What Steve Jobs Can Teach Us About Money

What Steve Jobs Can Teach Us About Money

Today, all across the world, people are mourning the loss of one of the world’s greatest entrepreneurs. There is hardly a person living who has not been touched in some way by Steve Jobs’ beautifully designed inventions, from the world’s very first personal computer way back in 1976 to the more recent stunning slew of “i” products, the iPhone, the iPad, the iPod, the iMac, iTunes, and so many more I couldn’t possibly list them all. In fact, I’m writing this blog post now from my MacBook Pro, and I love it– I made the switch from my trusty IBM ThinkPad about a year ago and haven’t looked back.

Millions of websites and emails today are discussing the life of Steve Jobs and all of the lessons we can learn from such a life well-lived. You will read all sorts of beautiful and moving remembrances today, but here are a few of my favorite quotes and thoughts:

On Creating Wealth

Steve Jobs is responsible for employing thousands of people, directly or indirectly, around the world.  Apple, Inc., itself employed 46,600 full time employees and 2,800 temporary full time employees worldwide as of September 2010, and operates 357 retail stores worldwide.

And that’s not counting the thousands more who develop apps for the iPhone and iPad, who design and make cases for Apple products, provide services related to Apple products, construct the stores used to sell Apple products, etc.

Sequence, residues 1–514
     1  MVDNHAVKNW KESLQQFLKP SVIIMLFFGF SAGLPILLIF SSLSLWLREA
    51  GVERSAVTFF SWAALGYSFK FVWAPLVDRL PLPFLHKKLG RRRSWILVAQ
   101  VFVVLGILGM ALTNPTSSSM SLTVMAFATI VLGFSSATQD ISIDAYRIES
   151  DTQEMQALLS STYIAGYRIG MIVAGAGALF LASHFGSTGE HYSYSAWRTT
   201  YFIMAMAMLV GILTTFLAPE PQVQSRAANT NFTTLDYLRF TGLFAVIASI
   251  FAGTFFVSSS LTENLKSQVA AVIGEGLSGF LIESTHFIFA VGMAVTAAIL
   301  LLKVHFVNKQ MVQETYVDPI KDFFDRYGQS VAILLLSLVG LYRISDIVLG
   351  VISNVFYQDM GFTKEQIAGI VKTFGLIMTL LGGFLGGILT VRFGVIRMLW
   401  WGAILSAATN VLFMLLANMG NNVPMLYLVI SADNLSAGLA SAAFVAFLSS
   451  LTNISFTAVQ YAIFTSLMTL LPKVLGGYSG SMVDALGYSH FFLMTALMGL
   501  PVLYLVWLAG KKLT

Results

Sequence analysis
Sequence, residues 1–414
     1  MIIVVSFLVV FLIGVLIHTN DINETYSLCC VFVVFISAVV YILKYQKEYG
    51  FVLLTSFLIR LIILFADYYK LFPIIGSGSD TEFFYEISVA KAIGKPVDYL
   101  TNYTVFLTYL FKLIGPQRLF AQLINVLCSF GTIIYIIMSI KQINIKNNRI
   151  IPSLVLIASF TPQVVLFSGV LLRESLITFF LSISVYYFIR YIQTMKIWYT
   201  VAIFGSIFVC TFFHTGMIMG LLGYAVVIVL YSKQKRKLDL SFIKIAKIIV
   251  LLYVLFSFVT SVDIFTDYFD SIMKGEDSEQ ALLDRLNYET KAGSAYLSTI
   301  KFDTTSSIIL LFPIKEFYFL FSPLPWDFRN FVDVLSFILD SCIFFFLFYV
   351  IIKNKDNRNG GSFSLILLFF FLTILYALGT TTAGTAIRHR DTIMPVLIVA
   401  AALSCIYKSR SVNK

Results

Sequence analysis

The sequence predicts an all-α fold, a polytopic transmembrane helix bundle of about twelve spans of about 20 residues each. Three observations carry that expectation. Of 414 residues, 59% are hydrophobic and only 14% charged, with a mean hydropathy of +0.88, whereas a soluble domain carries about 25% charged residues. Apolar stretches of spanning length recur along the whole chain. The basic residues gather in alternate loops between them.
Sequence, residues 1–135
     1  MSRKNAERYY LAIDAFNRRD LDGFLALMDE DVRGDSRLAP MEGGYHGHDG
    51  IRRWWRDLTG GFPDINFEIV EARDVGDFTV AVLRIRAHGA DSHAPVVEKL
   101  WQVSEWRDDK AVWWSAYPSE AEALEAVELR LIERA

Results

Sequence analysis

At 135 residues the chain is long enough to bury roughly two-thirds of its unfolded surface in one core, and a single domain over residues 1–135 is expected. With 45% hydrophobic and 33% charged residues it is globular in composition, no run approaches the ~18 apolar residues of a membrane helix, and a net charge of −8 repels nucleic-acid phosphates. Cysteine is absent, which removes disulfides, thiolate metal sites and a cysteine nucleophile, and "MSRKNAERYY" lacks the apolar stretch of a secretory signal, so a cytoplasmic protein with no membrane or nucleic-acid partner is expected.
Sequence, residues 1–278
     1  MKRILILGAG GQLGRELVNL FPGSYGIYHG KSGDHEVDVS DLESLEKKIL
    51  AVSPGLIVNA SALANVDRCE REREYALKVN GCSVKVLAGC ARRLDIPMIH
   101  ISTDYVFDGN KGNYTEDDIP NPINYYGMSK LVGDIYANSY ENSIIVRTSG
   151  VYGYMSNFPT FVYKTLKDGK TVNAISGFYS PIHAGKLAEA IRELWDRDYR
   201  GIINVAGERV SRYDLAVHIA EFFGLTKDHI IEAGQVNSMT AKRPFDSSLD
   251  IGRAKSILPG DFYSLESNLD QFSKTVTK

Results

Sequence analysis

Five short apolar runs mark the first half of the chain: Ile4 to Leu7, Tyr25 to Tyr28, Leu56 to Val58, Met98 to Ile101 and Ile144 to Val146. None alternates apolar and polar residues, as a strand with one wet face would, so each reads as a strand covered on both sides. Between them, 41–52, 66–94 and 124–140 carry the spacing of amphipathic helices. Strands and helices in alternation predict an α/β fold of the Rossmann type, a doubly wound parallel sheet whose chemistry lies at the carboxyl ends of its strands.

He has created more wealth and more opportunity for more people than just about any other person living today! He truly embodies the entrepreneurial promise, and the ideals on which America was originally founded.

On Losing Money

“I’m the only person I know that’s lost a quarter of a billion dollars in one year…. It’s very character-building.”[1]

I’m sure in your quest for financial freedom you may have had some “character-building” moments, too, (I know I certainly have!) but Steve Jobs inspires all of us not to dwell on the past but rather to concentrate on the future.

He is a true comeback king– after being forced out of Apple in 1985 did he sit around and wallow?  Nope, he bought Pixar in 1986 and led that company to produce Toy Story (among many others!), one of the most famous and beloved animated features of all-time.

On Not Resting On Your Laurels

“I think if you do something and it turns out pretty good, then you should go do something else wonderful, not dwell on it for too long. Just figure out what’s next.”

This meshes with his approach of not dwelling on the past, above…even if what you have already accomplished is super-successful and wonderful, Jobs advises us to not rest on our laurels but instead to look to the future and to what else we can achieve.

On Americans and America

“When you’re young, you look at television and think, There’s a conspiracy. The networks have conspired to dumb us down. But when you get a little older, you realize that’s not true. The networks are in business to give people exactly what they want. That’s a far more depressing thought. Conspiracy is optimistic! You can shoot the bastards! We can have a revolution! But the networks are really in business to give people what they want. It’s the truth.”[2]